The Big Draw
Hot rodder and Bonneville...
Hot rodder and Bonneville racer Larry Volk might be surprised to hear that his ’64 Chrysler New Yorker wagon is part of a new trend. He’s owned this street cruiser, still running the original 413 mill, for years.
One of the best ways to ignite excitement about a new trend is to call some talented illustrators and designers and let them have at it. So that’s what we did. On the following pages, a few of our favorite hot rod artists share their own ideas for cool street cruisers.
When we say the hobby is growing, this is what we’re talking about.
Street cruisers were the subject of Brian Brennan’s “For Starters” editorial in the Dec. ’10 issue. But Brian didn’t invent the idea. It’s something we’ve been seeing more and more in the last few years—full-sized ’50 and ’60s cars built for looks, but with a ton of attention paid to upgraded driveability, performance, and reliability. They’re get-in-and-go cars, perfect for fairground cruising, Main Street profiling, or cross-country road tripping—with plenty of performance, plenty of comfort, and plenty of seat space for the whole family or all your buddies.
One of the cars to inspire...
One of the cars to inspire the creation of a Street Cruiser category at Shades of the Past is Chuck Rowe’s ’59 Impala, built by Bobby Alloway. A 502 Rat motor fills the engine bay and leather-covered ’65 Impala seating fills the interior.
Brian described Street Cruisers as “’50s- and ’60s-era full-size cars that are neither street machine nor muscle car, or any other neatly packaged family of hot rods.” In talking to builders, enthusiasts, promoters, and manufacturers, we’ve realized that the Street Cruiser category is not a narrow one. As with every other corner of the hobby, there is room for every budget and every level of detail. We’ve seen extensively modified versions with six-digit price tags, but the largest segment will undoubtedly be at the other end. One of the big advantages of street cruiser raw material is its high availability and low price tag. Where ’32 Fords, ’50 Mercs, ’57 Chevys, and muscle cars typically sell for big bucks, previously neglected raw material from which street cruisers are typically built can be picked up for a fraction of the price of more highly desirable cars.
Ronnie Poche and a few of...
Ronnie Poche and a few of his buddies from Natchitoches, LA, took advantage of the NSRA’s revised year break to cruise this LS2-powered ’59 Olds Super 88, rolling on humongous, but proportional billet rims.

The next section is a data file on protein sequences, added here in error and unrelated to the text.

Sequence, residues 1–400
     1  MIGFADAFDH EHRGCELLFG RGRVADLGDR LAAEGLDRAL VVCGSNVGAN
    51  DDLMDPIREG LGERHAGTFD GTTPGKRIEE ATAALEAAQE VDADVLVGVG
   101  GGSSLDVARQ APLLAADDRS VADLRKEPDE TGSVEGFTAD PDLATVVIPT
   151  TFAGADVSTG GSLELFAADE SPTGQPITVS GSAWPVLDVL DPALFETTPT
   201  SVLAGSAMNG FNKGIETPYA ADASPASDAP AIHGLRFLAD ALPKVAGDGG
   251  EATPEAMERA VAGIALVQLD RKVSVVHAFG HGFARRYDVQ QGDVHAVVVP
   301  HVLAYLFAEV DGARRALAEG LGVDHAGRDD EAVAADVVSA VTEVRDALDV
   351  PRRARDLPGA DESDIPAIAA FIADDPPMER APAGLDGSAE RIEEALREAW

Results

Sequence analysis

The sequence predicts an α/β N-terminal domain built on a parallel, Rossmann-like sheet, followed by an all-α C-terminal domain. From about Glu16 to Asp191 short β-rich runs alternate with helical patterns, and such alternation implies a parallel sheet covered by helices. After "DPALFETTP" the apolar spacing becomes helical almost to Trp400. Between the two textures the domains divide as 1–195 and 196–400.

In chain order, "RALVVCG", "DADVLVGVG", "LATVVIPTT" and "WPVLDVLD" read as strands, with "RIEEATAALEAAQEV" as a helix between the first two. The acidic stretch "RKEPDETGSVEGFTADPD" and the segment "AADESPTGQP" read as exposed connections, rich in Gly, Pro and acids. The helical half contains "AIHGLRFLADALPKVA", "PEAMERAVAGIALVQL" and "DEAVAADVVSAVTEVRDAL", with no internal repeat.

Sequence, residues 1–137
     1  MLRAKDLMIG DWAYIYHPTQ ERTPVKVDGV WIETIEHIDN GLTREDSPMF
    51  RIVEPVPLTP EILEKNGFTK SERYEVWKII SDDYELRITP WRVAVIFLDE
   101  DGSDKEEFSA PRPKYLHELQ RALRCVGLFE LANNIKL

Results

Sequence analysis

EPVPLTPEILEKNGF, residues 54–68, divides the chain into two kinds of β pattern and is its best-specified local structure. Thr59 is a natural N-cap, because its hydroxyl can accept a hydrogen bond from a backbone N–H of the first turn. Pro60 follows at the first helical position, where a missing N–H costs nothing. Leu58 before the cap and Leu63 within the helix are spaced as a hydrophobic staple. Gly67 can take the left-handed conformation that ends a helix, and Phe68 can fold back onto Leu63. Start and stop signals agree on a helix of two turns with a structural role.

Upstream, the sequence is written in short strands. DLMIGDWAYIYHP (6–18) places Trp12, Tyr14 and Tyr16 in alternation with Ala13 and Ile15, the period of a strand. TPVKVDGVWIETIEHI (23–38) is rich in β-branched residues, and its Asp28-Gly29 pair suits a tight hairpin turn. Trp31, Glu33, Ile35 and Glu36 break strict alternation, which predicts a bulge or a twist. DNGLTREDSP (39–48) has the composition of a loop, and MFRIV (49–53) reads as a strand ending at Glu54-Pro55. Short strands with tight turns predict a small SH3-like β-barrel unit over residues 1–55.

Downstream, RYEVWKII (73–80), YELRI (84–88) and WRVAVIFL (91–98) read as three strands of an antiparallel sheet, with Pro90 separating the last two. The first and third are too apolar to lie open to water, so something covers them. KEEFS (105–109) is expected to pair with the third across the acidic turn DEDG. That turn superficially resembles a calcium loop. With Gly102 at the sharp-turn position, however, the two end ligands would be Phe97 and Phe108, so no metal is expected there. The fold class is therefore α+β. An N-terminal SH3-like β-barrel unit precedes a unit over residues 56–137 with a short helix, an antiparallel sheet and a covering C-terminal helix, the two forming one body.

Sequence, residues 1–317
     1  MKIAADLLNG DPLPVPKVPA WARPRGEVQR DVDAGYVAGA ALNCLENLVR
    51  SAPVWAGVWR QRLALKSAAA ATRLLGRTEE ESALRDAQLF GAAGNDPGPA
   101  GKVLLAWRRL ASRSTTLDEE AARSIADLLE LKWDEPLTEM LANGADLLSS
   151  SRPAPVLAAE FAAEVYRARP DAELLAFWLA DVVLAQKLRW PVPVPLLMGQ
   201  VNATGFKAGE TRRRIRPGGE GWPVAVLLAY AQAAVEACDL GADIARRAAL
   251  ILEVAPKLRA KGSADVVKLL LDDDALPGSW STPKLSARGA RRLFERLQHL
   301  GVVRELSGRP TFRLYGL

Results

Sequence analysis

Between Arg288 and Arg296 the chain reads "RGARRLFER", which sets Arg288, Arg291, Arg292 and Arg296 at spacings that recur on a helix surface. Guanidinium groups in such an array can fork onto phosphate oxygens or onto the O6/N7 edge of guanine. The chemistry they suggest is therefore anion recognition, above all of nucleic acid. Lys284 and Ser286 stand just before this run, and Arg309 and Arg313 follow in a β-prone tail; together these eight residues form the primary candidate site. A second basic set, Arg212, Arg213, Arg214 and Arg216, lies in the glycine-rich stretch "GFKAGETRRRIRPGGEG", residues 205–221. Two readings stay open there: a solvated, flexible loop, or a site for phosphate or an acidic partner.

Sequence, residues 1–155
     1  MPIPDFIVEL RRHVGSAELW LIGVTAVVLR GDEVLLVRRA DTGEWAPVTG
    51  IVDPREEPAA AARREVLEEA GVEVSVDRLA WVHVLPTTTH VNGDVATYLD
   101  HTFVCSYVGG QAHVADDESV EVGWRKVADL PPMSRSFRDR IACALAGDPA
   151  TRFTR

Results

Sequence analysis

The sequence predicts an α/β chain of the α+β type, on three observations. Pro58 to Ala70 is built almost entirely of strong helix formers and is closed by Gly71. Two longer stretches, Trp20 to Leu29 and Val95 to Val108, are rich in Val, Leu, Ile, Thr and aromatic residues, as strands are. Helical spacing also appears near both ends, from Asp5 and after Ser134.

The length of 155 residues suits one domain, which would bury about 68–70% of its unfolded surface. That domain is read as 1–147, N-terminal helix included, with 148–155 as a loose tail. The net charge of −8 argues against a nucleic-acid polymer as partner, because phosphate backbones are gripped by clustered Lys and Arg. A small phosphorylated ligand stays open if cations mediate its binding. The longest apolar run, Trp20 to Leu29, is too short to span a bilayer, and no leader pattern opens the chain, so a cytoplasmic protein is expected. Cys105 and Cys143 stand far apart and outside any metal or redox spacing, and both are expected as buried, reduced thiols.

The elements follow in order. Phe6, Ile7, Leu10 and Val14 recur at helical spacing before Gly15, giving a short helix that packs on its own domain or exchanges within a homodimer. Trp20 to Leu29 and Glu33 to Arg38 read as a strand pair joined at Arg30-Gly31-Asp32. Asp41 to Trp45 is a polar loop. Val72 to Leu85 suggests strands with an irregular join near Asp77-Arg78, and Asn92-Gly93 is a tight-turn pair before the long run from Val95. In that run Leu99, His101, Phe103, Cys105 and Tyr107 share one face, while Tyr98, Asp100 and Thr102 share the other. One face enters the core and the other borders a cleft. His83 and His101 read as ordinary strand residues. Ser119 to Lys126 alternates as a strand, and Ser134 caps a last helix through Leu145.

Trends are not invented and they don’t appear in a flash. The street cruiser trend is no different. It’s been slowly rolling for a few years, but it got a real boost—and its name—from the Shades of the Past Street Rod Association and builder Bobby Alloway, who hosts the Shades of the Past Car Show in Eastern Tennessee every summer. Alloway’s Hot Rod Shop has been building outstanding plus-sized rides for several years, but has had a hard time finding a judging category to compete in. One such car was Chuck Rowe’s ’59 Chevy. “It was a super nice car, but nobody had a class for it because it wasn’t a custom, it wasn’t a street rod, and it wasn’t a street machine,” Alloway explains. He also built a ’55 Buick for Doyle Thomas and a ’61 Starliner for George Poteet that faced the same dilemma. “They were basically stock-bodied cars with an upgraded chassis, interior, and late-model drivetrain in them. And they didn’t have a category.” In 2010, Alloway and the Shades of the Past club remedied that problem at their own event by creating the Street Cruiser name and award category. It was an immediate success.
Alloway has shown many of his cars at Goodguys events and, although Goodguys does not have a specific Street Cruiser trophy, the organization very recently modified its popular Custom Rod of the Year eligibility rules to include these types of cars. The new criteria defines a custom rod as a ’49-72 “custom car that tastefully blends customizing techniques or factory stock bodies with modern-day performance, engineering, components, and styling.”
Street cruisers abound at...
Street cruisers abound at both ends of the spectrum from beaters to top-shelf show cars like Paul Boschetto’s ’60 Ford Starliner. Zane Cullen at Cotati Speed Shop, built the Starliner, which is powered by a Ford Racing 514.